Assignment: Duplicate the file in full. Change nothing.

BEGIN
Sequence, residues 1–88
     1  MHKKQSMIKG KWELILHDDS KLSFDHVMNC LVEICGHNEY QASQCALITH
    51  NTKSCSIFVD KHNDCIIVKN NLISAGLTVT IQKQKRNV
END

Sequence, residues 1–88
     1  MHKKQSMIKG KWELILHDDS KLSFDHVMNC LVEICGHNEY QASQCALITH
    51  NTKSCSIFVD KHNDCIIVKN NLISAGLTVT IQKQKRNV